Anyone involved in mental healthcare knows how important it is to understand trauma and the devastating impact it can have on growth, development and overall mental health.

Our science and understanding of the predispositions to psychological trauma, particularly resulting in chronic PTSD, is getting more mature.

In 2014, a study demonstrated that increased C-Reactive Protein (an inflammatory marker) prior to deployment of 2,600 war-zone Marines led to a much higher risk of developing PTSD.1 This study suggests that inflammation may be a significant predisposing factor to PTSD.

Even more interesting is that it’s a two-way street. People who’ve had PTSD tend to show elevated inflammatory markers and develop inflammatory related conditions in their body after the fact.2

But what most researchers, and consequently providers don’t typically recognize is how overly focusing on the scientific mechanism of trauma can lead to a cut and dry model that paints a narrow picture of the incident with little to no way of seeing any meaning in these more difficult experiences of life.

And if patients are left seeing no meaning in a traumatic injury then some part of them will always resent it no matter how much they’ve “healed” it.

Resentments from trauma are powerful. The more resentments that are stacked up, the more difficult it is to feel empowered, because you will experience a loss of power to the person(s) or thing(s) that you resent.

In this way, traumas from a patient’s past will feel like a burden and limitation.

Very few people think of trauma as one of their greatest opportunities for personal growth and transformation.

Typically, traumas are thought as something horrible and we pray for it not to happen, right?

Well, obviously nobody is wishing for a traumatic incident but maintaining that traumas were only bad is a huge trap.

Think of a trauma you had in your life…it doesn’t matter how big or small it was.

Were you bullied a lot as a child?

Did you get in a car accident that left you in a chronic state of shock?

Do you have a boss that’s demanding and is constantly mean to you?

Were you ever assaulted?

Did your parents emotionally abuse you?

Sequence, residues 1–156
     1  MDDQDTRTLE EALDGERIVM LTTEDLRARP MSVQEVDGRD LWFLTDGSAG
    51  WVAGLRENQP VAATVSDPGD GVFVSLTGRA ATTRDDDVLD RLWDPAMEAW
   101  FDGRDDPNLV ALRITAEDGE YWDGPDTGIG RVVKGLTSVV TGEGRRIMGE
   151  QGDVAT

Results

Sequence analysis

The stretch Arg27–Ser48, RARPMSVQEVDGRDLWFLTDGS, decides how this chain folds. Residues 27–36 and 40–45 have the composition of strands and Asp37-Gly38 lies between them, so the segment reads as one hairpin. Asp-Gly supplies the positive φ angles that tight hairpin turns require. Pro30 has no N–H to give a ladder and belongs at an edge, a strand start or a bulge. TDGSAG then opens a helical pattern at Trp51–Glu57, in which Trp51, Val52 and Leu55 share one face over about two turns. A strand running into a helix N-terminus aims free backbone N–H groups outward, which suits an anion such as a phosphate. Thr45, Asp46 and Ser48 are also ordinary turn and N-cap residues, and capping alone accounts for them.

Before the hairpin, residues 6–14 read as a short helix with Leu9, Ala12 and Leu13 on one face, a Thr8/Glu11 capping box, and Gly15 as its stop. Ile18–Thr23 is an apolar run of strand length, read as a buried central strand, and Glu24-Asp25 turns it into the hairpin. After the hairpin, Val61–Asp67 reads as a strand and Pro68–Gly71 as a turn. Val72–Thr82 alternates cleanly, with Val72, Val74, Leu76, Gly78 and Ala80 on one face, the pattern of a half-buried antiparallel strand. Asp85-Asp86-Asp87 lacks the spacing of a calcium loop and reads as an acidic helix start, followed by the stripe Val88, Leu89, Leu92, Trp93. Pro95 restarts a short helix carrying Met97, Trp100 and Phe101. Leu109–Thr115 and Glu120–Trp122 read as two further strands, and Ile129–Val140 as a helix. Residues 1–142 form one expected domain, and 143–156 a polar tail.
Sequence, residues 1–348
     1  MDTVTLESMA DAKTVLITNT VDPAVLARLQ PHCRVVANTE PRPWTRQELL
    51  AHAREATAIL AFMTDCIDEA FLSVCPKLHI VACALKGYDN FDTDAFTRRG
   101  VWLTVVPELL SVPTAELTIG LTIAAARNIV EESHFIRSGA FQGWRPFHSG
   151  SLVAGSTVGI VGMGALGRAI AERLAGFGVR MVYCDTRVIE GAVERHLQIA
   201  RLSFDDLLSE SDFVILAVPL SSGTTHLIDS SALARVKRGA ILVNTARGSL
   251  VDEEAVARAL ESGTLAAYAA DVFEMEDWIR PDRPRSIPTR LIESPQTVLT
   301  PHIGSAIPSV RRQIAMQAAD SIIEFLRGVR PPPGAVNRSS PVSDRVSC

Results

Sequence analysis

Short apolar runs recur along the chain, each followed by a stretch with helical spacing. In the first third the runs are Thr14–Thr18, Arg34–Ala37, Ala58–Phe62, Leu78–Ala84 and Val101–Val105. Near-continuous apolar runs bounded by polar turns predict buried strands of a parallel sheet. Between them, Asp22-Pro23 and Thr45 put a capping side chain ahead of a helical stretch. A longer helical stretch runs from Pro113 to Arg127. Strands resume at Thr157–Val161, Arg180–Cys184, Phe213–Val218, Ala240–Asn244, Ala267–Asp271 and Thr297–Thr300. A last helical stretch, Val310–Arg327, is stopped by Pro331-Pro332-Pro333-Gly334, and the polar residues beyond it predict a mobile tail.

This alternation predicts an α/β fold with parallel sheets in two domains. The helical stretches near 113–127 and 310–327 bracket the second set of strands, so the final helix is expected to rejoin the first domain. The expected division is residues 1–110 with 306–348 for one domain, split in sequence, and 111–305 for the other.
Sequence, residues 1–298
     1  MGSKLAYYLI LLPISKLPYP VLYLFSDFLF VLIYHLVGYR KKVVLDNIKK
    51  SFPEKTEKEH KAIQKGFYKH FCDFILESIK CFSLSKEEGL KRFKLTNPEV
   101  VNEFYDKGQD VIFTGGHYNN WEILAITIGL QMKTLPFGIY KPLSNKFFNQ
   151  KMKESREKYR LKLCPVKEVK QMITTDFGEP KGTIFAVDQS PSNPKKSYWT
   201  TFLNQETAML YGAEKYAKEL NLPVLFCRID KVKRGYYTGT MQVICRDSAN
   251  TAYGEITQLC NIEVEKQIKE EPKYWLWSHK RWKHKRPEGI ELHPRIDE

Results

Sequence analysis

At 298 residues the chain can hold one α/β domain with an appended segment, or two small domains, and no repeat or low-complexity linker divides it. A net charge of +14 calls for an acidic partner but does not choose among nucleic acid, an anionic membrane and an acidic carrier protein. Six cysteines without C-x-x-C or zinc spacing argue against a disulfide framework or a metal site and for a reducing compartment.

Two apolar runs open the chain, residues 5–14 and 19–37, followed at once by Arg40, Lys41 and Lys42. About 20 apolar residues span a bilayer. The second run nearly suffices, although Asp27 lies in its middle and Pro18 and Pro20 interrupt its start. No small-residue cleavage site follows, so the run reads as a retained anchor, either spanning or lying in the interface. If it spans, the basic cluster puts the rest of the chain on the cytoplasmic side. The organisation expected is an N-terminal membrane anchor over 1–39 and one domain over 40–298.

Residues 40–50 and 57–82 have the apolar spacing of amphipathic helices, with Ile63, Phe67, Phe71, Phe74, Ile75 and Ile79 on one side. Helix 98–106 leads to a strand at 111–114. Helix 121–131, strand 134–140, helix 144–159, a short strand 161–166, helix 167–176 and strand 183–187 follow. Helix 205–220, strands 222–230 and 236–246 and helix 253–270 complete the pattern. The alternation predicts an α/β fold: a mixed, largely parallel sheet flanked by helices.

How about physically abuse you?

Our list of small and big traumas in our lives are usually quite extensive.

When you think about and feel the traumas from your past what do you notice?

Does it trigger a traumatic response in your nervous system where you go into a fight, flight, freeze or collapse response?

If you do there is probably still more to heal in your body around the event.

Do feel any charged emotions such as sadness, anger, resentment, aversion, disgust or have thoughts of revenge, spitefulness, overly forgiving, or anything in between?

This type of emotional baggage is actually disempowering.

Many people will consciously or unconsciously blame their traumas as reasons why they are not wildly successful in their careers, relationships, family, friendships, etc.

The issue is not the trauma itself. If that were the case anyone who has ever experienced significant traumas would never be able to move on with their life.

Do you think in the 27 years Nelson Mandela was in prison he didn’t experience any traumas? My guess is there were so many he lost count.

But even though he lived a life filled with traumas he became one of the most inspiring, influential leaders in the history of humanity.

He shares this perspective quite succinctly when he said, “I never lose. I either win or learn.”

So how do you help a person see that the trauma they experienced is actually a part of their history that can propel them to be more fully themselves?

Traumas can disempower your patients, leaving them feeling fragmented and less of what they’re capable of becoming in the world. When they view trauma as an enemy, they will see it as an enemy that ultimately can’t be defeated, because it’s in their history and slightly out of reach.

However, when they view their trauma as a huge challenge from the past that can motivate them to become more powerful and fully themselves, they’ve won. They’ve reclaimed any loss of power from the person or thing that traumatized them.

Of course, the path to getting there may be complex. It may include trauma therapists, medication, and other types of support. But without developing a growth oriented view to trauma, your patients will always feel and behave like a victim of circumstance in their life.

People deserve the life that they truly desire. There’s no reason to blame a trauma for why they don’t have it.

By exploring the meaning that came out of the healing process, you can help patients see that trauma is actually fuel to reclaim their power so they can create a better reality going forward. There’s no reason to keep that power any longer in the hands of perpetrator.

References:
1. Eraly SA, Nievergelt CM, Maihofer AX, Barkauskas DA, Biswas N, Agorastos A, O’Connor DT, Baker DG. Assessment of plasma C-reactive protein as a biomarker of posttraumatic stress disorder risk. JAMA Psychiatry. 2014;71:423–431. 2. von Kanel R, Hepp U, Kraemer B, Traber R, Keel M, Mica L, Schnyder U. Evidence for low-grade systemic proinflammatory activity in patients with posttraumatic stress disorder. Journal of psychiatric research. 2007;41:744–752.